$23m infrastructure spending welcomed

Otago, Southland and the West Coast are in line for a $23million funding injection to help address a range of infrastructure issues, Regional Economic Development Minister Shane Jones announced yesterday.

About $300 million of a $12billion funding pool was allocated for regional investment opportunities, administered by the Provincial Development Unit, when the programme was announced in January this year.

Mr Jones announced $2million will fund flood mitigation work on a 200m-long stretch on State Highway 1 in North Otago.

The area north of the Kakanui River and south of Oamaru is prone to flooding which in recent years has forced the closure of the highway, in some cases for up to two days.

The section of highway will be raised and culverts installed.

Waitaki Mayor Gary Kircher was encouraged to learn of the investment in North Otago, and hoped more would follow.

"It’s good news. When these events happen, the issue for Oamaru has definitely been cutting off north and south. With our main hospital in Dunedin, it is critical that road remains open."

"It’s not the only place there’s an issue, though. There’s also an issue just north of Hampden that can be a problem area as well, so it will be interesting to see if that’s been proposed to be addressed."

In Central Otago, news of an $8million two-lane roundabout at the intersection of State Highway 6 and State Highway 8B was welcomed by Cromwell Community Board chairwoman Anna Harrison.

She described the intersection as a "black spot" and recalled a serious crash there, involving tourists, about seven years ago.

While describing the Government’s decision as "great" she recognised that not all drivers had a good understanding of roundabouts.

"I don’t know if a roundabout is the best thing, or what would be better, but I’m hoping they’ve done their homework because it’s a significant amount of money," Ms Harrison said.

Milford Sound will receive $13million for two projects.

The first is a $10million investment in an existing connectivity project announced last June, and $3million will be spent to upgrade to the Milford Aerodrome to reseal the runway, apron and taxiway and provide improved drainage at the aerodrome, a project the Ministry of Transport advised had to be completed within three years to keep it operational.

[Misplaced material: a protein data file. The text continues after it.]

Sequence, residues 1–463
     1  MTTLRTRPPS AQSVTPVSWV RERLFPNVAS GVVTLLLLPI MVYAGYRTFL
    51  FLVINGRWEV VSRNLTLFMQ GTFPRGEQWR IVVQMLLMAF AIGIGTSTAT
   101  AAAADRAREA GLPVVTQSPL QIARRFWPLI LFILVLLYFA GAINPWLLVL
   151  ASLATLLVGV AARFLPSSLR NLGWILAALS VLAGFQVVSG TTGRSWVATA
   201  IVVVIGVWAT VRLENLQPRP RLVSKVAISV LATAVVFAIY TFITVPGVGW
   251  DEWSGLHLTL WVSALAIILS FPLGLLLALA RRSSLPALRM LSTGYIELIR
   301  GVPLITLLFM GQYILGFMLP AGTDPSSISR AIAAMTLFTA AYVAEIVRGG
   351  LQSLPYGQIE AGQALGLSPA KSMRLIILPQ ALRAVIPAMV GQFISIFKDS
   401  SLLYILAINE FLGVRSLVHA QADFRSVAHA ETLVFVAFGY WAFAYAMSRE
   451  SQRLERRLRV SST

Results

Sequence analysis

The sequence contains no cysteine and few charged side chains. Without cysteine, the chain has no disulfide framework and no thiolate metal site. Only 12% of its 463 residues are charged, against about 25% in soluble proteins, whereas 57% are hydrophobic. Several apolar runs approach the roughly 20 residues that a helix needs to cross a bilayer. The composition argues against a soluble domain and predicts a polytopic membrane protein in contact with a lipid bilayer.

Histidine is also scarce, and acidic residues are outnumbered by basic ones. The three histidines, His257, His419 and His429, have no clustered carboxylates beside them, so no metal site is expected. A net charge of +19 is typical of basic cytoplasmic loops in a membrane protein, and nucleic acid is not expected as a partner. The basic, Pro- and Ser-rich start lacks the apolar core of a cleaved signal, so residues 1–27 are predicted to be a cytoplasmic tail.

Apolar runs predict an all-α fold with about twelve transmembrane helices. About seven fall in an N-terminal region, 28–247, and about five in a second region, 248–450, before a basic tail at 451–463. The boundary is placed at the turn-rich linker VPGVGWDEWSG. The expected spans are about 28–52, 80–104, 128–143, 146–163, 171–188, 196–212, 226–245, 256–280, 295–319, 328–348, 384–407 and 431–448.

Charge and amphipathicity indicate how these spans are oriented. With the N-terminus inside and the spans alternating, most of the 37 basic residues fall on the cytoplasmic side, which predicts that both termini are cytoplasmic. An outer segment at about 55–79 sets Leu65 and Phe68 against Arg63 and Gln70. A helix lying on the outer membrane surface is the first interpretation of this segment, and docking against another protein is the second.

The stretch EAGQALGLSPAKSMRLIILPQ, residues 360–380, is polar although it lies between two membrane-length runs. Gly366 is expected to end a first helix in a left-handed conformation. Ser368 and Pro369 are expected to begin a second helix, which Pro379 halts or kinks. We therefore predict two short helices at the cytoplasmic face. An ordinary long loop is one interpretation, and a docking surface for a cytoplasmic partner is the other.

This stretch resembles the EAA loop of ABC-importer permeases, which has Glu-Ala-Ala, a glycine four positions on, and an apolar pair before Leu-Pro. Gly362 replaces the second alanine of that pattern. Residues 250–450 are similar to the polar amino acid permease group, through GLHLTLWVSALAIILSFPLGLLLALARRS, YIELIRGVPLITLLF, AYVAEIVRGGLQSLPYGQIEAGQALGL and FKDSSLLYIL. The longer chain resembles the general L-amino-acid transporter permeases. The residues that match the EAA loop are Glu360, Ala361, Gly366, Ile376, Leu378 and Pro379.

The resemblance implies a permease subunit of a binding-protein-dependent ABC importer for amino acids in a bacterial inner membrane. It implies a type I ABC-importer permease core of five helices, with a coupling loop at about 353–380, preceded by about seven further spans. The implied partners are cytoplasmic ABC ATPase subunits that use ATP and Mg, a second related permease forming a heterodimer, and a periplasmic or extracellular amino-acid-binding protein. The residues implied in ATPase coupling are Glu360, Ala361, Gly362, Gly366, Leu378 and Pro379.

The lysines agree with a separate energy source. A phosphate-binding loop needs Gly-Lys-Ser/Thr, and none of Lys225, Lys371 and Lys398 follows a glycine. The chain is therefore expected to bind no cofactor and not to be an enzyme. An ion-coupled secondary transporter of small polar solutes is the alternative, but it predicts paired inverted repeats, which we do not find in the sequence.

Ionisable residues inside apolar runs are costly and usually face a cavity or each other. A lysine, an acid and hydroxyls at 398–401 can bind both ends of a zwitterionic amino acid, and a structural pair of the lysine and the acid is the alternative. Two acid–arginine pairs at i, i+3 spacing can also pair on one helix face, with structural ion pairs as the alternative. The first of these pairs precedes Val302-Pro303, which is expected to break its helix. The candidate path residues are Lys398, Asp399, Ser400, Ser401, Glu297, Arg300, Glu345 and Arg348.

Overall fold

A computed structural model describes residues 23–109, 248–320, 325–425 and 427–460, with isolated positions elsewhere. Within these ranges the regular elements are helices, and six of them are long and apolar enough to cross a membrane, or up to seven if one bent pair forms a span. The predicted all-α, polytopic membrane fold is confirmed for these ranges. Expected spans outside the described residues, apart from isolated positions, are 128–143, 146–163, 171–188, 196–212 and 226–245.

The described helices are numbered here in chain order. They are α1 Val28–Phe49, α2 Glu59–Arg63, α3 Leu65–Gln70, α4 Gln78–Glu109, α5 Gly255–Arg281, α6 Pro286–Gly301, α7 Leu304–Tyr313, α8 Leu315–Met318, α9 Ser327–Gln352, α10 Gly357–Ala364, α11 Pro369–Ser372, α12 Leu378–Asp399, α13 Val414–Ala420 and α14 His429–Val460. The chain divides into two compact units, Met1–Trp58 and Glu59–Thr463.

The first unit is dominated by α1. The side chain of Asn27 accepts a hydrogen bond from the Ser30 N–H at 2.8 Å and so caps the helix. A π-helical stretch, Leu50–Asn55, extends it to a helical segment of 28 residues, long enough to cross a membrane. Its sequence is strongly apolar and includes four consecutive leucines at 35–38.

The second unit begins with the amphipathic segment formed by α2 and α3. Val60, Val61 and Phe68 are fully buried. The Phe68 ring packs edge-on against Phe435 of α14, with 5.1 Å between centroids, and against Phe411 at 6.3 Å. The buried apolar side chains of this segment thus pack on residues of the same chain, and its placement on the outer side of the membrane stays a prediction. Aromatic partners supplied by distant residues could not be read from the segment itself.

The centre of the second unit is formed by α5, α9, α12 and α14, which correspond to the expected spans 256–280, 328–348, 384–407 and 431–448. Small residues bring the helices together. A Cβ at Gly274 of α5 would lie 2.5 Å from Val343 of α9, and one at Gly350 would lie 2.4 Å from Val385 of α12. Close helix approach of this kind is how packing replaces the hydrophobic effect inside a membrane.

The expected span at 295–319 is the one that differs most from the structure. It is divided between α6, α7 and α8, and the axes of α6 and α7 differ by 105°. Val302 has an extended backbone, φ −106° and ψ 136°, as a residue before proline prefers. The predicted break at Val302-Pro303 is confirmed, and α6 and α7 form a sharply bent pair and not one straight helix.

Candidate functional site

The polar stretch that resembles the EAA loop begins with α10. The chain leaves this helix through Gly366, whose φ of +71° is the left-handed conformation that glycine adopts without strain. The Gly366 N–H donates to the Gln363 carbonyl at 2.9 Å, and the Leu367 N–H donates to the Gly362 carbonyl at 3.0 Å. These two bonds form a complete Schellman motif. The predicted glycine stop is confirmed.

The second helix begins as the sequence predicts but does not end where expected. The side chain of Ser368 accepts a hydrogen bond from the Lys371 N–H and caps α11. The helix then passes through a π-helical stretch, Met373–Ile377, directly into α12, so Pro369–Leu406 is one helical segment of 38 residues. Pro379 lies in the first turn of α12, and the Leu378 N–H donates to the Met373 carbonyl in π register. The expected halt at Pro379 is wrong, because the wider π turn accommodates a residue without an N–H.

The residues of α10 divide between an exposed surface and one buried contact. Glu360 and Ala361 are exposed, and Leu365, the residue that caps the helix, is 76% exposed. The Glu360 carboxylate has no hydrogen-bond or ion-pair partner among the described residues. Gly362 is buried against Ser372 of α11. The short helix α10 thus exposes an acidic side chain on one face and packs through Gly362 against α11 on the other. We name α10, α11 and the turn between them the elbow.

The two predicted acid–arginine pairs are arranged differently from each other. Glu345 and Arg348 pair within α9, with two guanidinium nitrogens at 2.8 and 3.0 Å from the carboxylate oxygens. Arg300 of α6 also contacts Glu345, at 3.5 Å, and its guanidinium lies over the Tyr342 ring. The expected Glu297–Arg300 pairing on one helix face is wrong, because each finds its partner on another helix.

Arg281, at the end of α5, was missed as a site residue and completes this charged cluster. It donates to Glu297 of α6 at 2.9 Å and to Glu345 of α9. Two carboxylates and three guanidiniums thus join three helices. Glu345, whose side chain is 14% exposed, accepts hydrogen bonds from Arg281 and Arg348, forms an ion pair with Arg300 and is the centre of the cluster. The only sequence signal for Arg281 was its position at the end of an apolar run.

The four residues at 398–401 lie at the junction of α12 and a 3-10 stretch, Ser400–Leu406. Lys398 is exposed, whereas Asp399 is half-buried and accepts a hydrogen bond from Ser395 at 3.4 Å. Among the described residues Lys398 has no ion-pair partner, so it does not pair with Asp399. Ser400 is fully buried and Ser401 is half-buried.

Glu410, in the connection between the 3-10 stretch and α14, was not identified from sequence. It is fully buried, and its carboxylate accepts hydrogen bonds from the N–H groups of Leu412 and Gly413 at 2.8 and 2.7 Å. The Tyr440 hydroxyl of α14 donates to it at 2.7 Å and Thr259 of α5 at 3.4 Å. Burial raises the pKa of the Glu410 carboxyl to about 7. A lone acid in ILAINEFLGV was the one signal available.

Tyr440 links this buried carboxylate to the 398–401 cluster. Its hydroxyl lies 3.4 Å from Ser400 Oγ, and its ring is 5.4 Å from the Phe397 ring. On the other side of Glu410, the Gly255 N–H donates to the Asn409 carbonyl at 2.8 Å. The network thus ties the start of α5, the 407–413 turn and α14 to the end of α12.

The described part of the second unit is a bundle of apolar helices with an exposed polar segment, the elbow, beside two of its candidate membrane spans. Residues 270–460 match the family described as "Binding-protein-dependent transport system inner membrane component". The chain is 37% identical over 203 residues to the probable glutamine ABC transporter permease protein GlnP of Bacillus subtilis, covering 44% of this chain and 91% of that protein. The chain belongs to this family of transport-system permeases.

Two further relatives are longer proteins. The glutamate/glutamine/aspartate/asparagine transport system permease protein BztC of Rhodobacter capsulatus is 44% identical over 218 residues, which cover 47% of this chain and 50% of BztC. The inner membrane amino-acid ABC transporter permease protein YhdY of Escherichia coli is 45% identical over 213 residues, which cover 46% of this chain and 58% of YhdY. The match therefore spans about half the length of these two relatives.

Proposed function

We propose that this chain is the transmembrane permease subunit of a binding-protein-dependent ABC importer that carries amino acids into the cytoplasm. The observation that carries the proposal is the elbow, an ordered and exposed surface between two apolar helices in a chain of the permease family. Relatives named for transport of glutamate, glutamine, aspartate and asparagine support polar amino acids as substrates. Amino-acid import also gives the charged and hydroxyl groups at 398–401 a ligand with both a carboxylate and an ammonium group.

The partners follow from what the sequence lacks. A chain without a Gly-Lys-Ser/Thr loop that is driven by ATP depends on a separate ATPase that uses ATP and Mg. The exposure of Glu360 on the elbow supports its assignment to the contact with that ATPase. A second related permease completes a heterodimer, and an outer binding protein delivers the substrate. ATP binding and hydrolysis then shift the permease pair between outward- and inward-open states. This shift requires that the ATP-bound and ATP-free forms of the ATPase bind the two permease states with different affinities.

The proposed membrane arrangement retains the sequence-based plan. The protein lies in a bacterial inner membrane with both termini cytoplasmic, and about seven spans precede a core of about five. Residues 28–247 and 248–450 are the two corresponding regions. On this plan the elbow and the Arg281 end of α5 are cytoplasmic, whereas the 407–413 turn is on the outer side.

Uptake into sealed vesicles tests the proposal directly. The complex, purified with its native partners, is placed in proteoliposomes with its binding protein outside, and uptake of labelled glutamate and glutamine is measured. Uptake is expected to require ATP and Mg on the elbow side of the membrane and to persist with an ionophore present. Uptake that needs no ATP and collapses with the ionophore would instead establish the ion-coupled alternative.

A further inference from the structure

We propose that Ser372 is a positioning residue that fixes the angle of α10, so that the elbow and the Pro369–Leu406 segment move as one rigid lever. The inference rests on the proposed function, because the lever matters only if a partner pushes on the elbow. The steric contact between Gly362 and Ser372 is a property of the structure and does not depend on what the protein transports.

Fiordland Community Board chairwoman Sarah Greaney said it was positive news for the region, particularly as it did not have to be funded by ratepayers.

"Good infrastructure provides a sound basis from which we can continue to grow our economy. Improving connectivity was one of the key strategic outcomes that the Fiordland Community Board had on its community futures plan ... access to reliable services is critical for most business operations."

On the West Coast, an investment of $18.6million in roads and port infrastructure, including floating pontoons, guardrails on single-lane bridges, and a 1km seawall at Granity was announced.

Westport, Greymouth and Jackson Bay ports will share $8.5million.

Grey and Buller get $4million each to install floating pontoons, and Westland gets $500,000 to repair the Jackson Bay wharf.

A further $10.1million has been devoted to State highway improvements on the Coast.

Greymouth Mayor Tania Gibson said it would be able to replace most of the ageing wharves with floating ones.

The port had been struggling for years, and had become a bit of a burden for ratepayers: "This is huge for us."

It would help existing industry, and also paved the way for any potential new industries, Mrs Gibson said.

Buller Mayor Jamie Cleine, welcomed the Granity seawall, which he said would help not only those who lived here, but tourists passing through.

The port funding would allow it to move the port towards financial sustainability and help stimulate economic development in Buller.


Absolute joke. Dunedinites pay approx $100m in various taxes/levies each year just on their petrol/diesel/oil for their vehicles. And the central government insults us with a quarter of that as an investment for a good chunk of the South Island where tourism is essential. If ever there was a reason for independence from the North Island- this is it. Why should we pay for Auckland's and Wellington's roads/tunnels?

(PS for the math inclined; 42,000 households spend approx $5,000 pa on petroleum products x 50% tax rate on these products)




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